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14 Responses to “Born Inventor…”

  1. Connie Says:

    Welcome back to the world!! I’m glad you feel well enough to post at least. The goole arts thing is pretty cool. I’ve been playing around with it too. Get well soon.

  2. Julia Says:

    Welcome back to the land of the living!

    I gave your blog an award over on my blog – check it out when you have time.

  3. ron Says:

    Hey, hope you get well soon. We’ve got a bottle of that strong cough medicine here too. Whew! Knocks me right out.

  4. Gordo Says:

    Nicely done, Jim. If you go commercial, ust keep in mind what happened to Steve Martin in The Jerk. πŸ˜‰

    Feel better, my friend.

  5. Cindy G. Says:

    We have some really bad stuff floating around the West too. The Doc told us it was “The Croop”. It’s usually just a kid thing, but this year adults are getting it too. Sore Throat, crazy congestion, sinus, low fever and a cough that will throw your back out.
    Hope you feel better soon. It took me 3 weeks and I’m still not 100%.

  6. mark yarbrough Says:

    Hey Jim, can’t keep it and ya shouldn’t share it, what are you gonna do?Hope you’re back to better then normal soon. I believe the model for Birth of Venus was related to the cartographer Amerigo Vespucci. If so, does this make Botticelli’s painting of the first Miss America?

  7. kyle Says:

    cough syrup=the new gateway drug!
    good to hear you went cold turkey…

  8. soubriquet Says:

    Amazing! Mark Yarborough’s comment is spot-on.
    Botticelli’s Venus was Simonetta Vespucci.
    She was related to Amerigo by marriage, not birth. (she grew up as Simonetta Cattaneo) In her day, she was the most acclaimed beauty of Florence. Medicis fought over her. Botticelli fell in love with her.
    But at only twenty-three years old, she took ill, and died, almost certainly of tuberculosis. Thirty years later, Botticelli was buried at her feet.
    And I know this why? Because I was reading a book by Bill Bryson, only a few days ago, in which he mentioned her, just in passing, and I was interested in the link so I had to know more. What a strange coincidence that she appears here so soon after I read of her!

    Good to hear you’re surviving, I shouldn’t worry you by telling you how long my version of the winter sickness lasted…..
    I had to visit the hospital on a different matter, and was amused to see the sign on the door that, paraphrased, said “This is a hospital. If you’re sick, please go away and wall yourself up in your own home until you’re either dead or cured. We don’t want you in here.”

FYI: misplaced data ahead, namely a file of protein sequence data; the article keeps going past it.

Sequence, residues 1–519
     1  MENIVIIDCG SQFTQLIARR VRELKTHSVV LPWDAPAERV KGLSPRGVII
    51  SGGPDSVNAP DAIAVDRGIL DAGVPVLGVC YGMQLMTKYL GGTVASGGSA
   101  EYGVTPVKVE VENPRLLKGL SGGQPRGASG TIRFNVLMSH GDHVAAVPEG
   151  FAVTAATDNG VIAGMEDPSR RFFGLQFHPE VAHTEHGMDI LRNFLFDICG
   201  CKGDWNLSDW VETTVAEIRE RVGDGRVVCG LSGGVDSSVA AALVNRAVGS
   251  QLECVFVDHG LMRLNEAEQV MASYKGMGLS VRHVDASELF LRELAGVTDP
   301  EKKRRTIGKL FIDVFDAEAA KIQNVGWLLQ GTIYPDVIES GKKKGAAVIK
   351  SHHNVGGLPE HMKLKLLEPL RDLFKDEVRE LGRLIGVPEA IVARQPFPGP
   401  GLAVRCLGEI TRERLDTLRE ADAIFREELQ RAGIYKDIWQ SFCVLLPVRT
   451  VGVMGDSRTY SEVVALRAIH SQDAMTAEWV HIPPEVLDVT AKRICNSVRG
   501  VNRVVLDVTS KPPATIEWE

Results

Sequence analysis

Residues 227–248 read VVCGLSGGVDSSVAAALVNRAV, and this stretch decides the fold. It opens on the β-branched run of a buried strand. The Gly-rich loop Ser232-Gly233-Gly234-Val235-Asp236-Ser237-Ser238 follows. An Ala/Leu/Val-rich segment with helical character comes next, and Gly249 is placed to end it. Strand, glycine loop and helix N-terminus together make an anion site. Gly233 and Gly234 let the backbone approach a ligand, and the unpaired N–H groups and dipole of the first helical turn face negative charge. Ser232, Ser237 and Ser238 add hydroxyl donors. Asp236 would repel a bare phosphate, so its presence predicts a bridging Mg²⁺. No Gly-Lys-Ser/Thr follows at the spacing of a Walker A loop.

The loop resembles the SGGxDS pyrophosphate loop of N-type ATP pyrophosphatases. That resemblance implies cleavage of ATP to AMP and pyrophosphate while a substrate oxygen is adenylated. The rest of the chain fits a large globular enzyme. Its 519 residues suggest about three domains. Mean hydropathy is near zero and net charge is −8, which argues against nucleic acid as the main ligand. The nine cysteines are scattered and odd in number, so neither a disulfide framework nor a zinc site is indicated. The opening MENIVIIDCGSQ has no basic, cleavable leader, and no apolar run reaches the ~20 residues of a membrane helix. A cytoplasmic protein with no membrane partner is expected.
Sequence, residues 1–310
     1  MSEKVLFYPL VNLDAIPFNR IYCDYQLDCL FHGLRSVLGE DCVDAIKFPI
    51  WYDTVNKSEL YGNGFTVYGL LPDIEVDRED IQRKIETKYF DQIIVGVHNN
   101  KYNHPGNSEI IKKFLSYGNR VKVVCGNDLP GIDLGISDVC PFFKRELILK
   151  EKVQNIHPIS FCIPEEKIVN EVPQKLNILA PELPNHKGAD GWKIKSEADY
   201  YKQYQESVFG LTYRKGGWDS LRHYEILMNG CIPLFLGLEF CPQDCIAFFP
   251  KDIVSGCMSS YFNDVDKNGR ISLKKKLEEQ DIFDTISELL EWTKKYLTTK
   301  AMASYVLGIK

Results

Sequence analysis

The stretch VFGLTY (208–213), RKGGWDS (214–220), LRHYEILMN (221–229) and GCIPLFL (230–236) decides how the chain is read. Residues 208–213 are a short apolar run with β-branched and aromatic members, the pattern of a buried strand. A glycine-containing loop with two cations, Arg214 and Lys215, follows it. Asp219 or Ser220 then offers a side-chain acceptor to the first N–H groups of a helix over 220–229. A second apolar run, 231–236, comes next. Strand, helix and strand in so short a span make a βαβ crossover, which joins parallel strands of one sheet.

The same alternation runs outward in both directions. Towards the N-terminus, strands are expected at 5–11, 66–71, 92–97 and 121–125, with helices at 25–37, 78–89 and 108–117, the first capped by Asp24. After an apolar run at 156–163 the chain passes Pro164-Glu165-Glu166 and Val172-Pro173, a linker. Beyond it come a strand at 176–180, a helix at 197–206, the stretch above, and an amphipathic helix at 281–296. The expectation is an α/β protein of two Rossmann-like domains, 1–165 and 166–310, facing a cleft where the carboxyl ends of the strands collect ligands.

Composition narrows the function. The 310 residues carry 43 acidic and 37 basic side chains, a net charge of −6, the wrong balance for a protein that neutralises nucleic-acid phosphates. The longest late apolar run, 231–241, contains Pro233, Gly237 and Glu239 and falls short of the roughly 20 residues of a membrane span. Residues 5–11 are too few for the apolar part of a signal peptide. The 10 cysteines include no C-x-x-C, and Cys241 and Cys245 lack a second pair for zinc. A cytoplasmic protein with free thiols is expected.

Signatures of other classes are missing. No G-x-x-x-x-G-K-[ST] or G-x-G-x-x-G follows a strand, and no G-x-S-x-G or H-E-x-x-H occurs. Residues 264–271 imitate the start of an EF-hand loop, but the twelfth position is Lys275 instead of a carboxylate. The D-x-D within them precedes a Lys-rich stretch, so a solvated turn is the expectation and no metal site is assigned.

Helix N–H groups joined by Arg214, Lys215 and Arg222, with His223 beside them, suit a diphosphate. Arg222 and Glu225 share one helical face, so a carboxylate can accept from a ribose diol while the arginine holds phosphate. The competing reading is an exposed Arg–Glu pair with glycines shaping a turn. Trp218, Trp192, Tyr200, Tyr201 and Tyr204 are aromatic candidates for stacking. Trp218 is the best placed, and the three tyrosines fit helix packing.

Yes, our hospitals are afraid of flu.

  9. ang Says:

    oh jimbo love the classics!! and we had the dryest history lecturer at college it was always about his trips and not nearly enough about the artist…at least you got some zzz’s..drink up and get well sooner than later..

  10. thecapricorntm Says:

    Jim my friend, be a dear and post this in

    Good Ideas are precious πŸ™‚

  11. Toeful Says:

    dig those Boticelli toes

  12. meredith@whynot Says:

    Oh I have done that – I use to wear my sunglasses for driving then perch my reading glasses on the tip of my noble nose so I could read a map.
    ( and you thought that texting while driving was dangerous!)
    I do this while watching TV too- we could be a pair.
    and the drugs making you even funnier- tipping my tsp. at you!

  13. Eugene Hon Says:

    Sad to see you are also struggling with your health and eyesight. I have four pairs of glasses – one for far (watching TV), and three for close up. One for the computer and general office work and reading and then there is the special one for drawing and decorating. Old age is taxing for us ‘creatives’. Another hurdle to cross every time we produce – to ensure every detail is truly refined and the quality is not compromised. Drawing, carving and painting demands careful observation – the strain on the eyes is not funny at all. Seeing paintings like the Sistine Chapel in the flesh is something else. I was stunned. However the monumental canvasses painted by Gustave Courbet in the Musee d’Orsay is breathtaking due to their size, considering the work at the time portrayed the workers in realistic fashion – awe-inspiring stuff. Thanks for quickening our minds on this journey.

  14. Patricia Griffin Says:

    Love the double specs!